It's homecoming night. It's the perfect time for legendary Green Bay Packers quarterback Bart Starr to return to Janesville.
Starr was a rookie, 17th-round draft pick when the Green Bay Packers played an intrasquad game at Monterey Stadium in 1956. Starr threw his first professional touchdown pass to win the game for the Green team.
"I was a very low draft pick, and I was doing everything I could to make the team," Starr said in phone interview earlier this week from his home in Birmingham, Ala. "It was an exciting time."
The 76-year-old NFL Hall of Famer will dedicate a plaque honoring his first touchdown pass in a short ceremony at Monterey at 7 tonight before Parker High School's homecoming football game against Madison La Follette.
After the ceremony, Starr is scheduled to give a short pep talk to the Parker players.
"It's exciting to meet the people around the state," Starr said. "It's always a pleasure for us to return.''
From the humble beginnings at Monterey, Starr moved on to become one of the most compelling figures in Wisconsin sports history. He quarterbacked the Packers through the glory years to a 74-20-4 record between 1961-67, including five world championships and two Super Bowl wins.
Starr played sporadically his first three seasons in Green Bay under coaches Lisle Blackbourne and Ray "Scooter" McClain. In 1959, Vince Lombardi was named the Packers' head coach, and Starr's football career changed dramatically.
"It was an absolute thrill for all of us," Starr said of the team's reaction to Lombardi. "When coach Lombardi was hired, it was a godsend."
Starr knew the Packers' fortunes would change instantly.
"It was a great change for the entire team," Starr said. "What an experience. It's hard to put into a few words.''
Under Lombardi, Starr won MVP honors in Super Bowls I and II. He made the Pro Bowl four times, led the NFL in passing three times and was the league MVP in 1966.
Not only did Starr direct the Packers under arguably the best football coach in NFL history and during the Packers' finest era, he also was at the center of the most memorable game in NFL history—the 1967 NFL championship game, better known as "The Ice Bowl."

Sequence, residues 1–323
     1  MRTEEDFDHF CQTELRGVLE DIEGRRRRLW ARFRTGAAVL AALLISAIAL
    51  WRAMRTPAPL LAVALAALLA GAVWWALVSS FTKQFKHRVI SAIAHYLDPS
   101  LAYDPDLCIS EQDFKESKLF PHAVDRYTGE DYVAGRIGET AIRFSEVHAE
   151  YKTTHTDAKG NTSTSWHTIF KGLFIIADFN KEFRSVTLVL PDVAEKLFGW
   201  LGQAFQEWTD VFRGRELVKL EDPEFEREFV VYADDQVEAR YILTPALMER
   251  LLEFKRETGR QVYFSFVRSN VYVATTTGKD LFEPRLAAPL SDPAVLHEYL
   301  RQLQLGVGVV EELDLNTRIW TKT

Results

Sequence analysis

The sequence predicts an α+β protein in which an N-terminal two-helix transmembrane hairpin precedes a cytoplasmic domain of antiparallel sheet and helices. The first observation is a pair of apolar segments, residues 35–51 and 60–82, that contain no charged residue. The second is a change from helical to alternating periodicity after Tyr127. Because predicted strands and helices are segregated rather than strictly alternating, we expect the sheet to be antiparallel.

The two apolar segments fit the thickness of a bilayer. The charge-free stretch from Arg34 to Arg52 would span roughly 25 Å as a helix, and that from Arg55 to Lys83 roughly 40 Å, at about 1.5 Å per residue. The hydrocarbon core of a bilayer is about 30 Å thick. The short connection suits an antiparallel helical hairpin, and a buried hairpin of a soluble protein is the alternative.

In 20-below-zero weather that felt like minus 48 with the wind chill, the Packers defeated the Cowboys, 21-17. Starr's game-winning quarterback sneak has become a quintessential play in NFL history.
With 16 seconds remaining and no timeouts, the "Frozen Tundra" legend was forged. Starr scored from just inside the 1-yard-line to send the Packers to Super Bowl II.
"I don't think I can go anywhere and not talk about that game," Starr said. "It was so cold, my wife didn't want to be there.''
Starr led the final drive to the 1-yard-line. Green Bay called its last time out, and Starr consulted with Lombardi.
"Dallas had a very strong technique for short yardage—a submarine technique where they would charge almost down underneath the offensive linemen," Starr said. "We had put in a wedge play during the week, and it could gain a minimum of two yards.''
Starr told Lombardi the footing was miserable at the goal line, but he could move well enough to shuffle into the end zone behind the wedge play.
"One of their lineman was so big (Jethro Pugh) that he couldn't get that low," Starr said. "We ran the wedge toward him.''
After hearing Starr out, Lombardi replied, "Then run it, and let's get the hell out of here.''
Starr's response? "I laughed. That's just what coach Lombardi would say.''
Packer center Ken Bowman and guard Jerry Kramer moved Pugh just far enough for Starr to land in the end zone for the climactic play.
Starr said it was more than execution that lifted Green Bay to victory that day.
"I don't want to preach," Starr said. "But I personally believe attitude and love are two of the strongest words in our vocabulary.
"You can control feelings relative to attitude, and we had that," Starr added. "We had to adjust and be led by our attitude.''
Coming to Janesville tonight is special for Starr, who said he does "very little" of these functions.
"I'm doing this out of respect for the people there and what they are trying to do," Starr said. "It is a great opportunity.''
Packer fans and football fans in general have a great deal of respect for Bart Starr.
Welcome home, Bart.
If you go
Former Green Bay Packers quarterback Bart Starr will dedicate historic plaques commemorating his first professional touchdown pass and coach Vince Lombardi during a short ceremony at 7 p.m. today at Monterey Stadium, 465 Rockport Road.
Tickets are $2 for children and $3 for adults, which includes admission to the football game and the dedication ceremony. Proceeds benefit the Community Foundation of Southern Wisconsin.
Donations can be made to Community Foundation of Southern Wisconsin, Attn: Packers Plaques, 26 S. Jackson St., Janesville, WI 53548.